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Mike Pompeo, God's Diplomat

By Alain Frachon* - Special for The Geneva Observer


December 8, 2020


Opinion- Analysis

He was the godfather, the guide, the one who led his flock the right way—the way of faith. We had never seen the American chief of diplomacy link so closely politics and religion. But Mike Pompeo—with a choir boy’s face and yet a mover’s build, a traditional evangelical, not to say fundamentalist, protestant—is getting ready to leave the State Department. He leaves a number of orphans: the “fundamental values” camp: an international conservative, some would say “reactionary,” coalition.




His departure will be mourned everywhere where the rights of man are not necessarily those of woman, where religion and family count as much as individual liberty and where “social” progressivism disintegrates societies more than it frees them.


All those countries that, with him, have fought here and there, and notably within the United Nations, to nuance, go around, and interpret in one direction—their direction—the understanding of human rights as they are defined in the UN’s Charter. The philosophical and ideological battle is far from over. But Pompeo, who fought in it openly as presiding cardinal, brought to his side the whole weight of the United States. This was not nothing.


His departure will be mourned everywhere where the rights of man are not necessarily those of woman, where religion and family count as much as individual liberty, and where “social” progressivism disintegrates societies more than it frees them. That’s a lot of people—from the Law and Justice Party’s (PIS) Poland, to Saudi Arabia, to Viktor Orban’s Hungary to the United Arab Emirates, from Vladimir Putin’s Russia to Indonesia, the largest Muslim country. As well as others around the world.


A common enemy: the West born of the 1960s, that of feminist, sexual, individual “liberation,” of the challenge to authority and the assertion of the “me.” Its privileged theatre of operations: the third committee of the UN’s General Assembly—the so-called “human rights” committee responsible for social, humanitarian and cultural questions. Since 2018, American diplomats have defended the “Pompeo line” there.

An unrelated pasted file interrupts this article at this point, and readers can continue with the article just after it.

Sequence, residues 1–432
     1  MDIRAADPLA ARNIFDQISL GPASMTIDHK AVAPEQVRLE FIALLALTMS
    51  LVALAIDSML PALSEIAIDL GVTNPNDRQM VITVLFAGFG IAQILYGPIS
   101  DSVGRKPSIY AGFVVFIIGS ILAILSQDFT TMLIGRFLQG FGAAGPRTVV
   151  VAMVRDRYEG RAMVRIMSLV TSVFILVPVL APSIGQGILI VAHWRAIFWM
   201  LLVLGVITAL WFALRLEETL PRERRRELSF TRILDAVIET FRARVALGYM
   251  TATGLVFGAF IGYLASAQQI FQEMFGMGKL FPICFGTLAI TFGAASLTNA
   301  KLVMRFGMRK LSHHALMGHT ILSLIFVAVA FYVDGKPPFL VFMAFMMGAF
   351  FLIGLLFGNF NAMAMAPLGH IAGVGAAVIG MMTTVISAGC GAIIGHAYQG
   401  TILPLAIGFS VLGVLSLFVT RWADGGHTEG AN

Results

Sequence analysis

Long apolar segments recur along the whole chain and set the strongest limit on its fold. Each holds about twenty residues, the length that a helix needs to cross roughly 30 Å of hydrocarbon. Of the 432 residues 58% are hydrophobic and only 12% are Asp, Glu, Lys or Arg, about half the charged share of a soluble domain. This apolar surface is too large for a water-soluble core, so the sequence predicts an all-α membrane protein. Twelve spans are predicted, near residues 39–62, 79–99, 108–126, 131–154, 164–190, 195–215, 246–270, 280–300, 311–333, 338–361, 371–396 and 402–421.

The “Pompeo doctrine” stipulates that not all the individual freedoms gained since the 1960s have the status of human rights in the same way as the UN charter’s statement of rights. These individual freedoms only give rise to "ad hoc rights," says Pompeo, and we must return to the defence of "inalienable rights"—the rights to life and liberty.


In 2019, the Secretary of State created a "Commission on Inalienable Rights," joined by a few volunteers (around 20 States).


Clearly, the "right" to abortion is not a human right, nor is the right to marriage for LGBT people.

The UN General Assembly’s fall meeting in September 2020 saw the same American offensive: promoting the notion of "inalienable rights" against "ad hoc rights." Le Monde UN correspondent Carrie Nooten wrote: The Pompeo initiative is seen as a means "to roll back the rights of women or those of the LGBT community." Human Rights Watch sees it as "a way to get rid of the right to abortion or LGBT rights." In UN jargon, Nooten explains, we talk about SRHR, “sexual and reproductive health and rights”—the traditionalist camp’s bête noire. Clearly, the "right" to abortion is not a human right, nor is the right to marriage for LGBT people.


On the battlefield, Pompeo—in the tank in a suit and tie—advances in the open. He conducts religious diplomacy. He says so. "My faith shapes my work" as the head of the state department, he told the general assembly of a pro-family association in Des Moines, Iowa, on July 17. Under the leadership of Donald Trump, "we are implementing a foreign policy of defence of religious freedom and a foreign policy that is one hundred percent pro-life" (read: anti-abortion). Not a dollar for NGOs that make voluntary termination of pregnancy part of their birth control arsenal—in Africa or elsewhere.


On his desk in the State Department, the Bible. Normal: "God has put his trust in me,” he continues in Des Moines, “so that I execute this mandate." Obviously, as a hierarchical supervisory authority, it is a reference that smacks of theocracy more than democracy. But his wife Susan says it has been like this all his working life. Recounting the moments of a remarkable journey—military graduate from West Point, graduate from Harvard law school, lawyer, brilliant businessman, then congressman from Kansas, finally director of the CIA before his appointment to the State Department—, Susan Pompeo sees there "neither calculated career" nor strategy of access to power: those nominations, "we both know it was the hand of God." Not that of Donald Trump, of course, to whom Pompeo was one of the most loyal, not to say servile, collaborators ...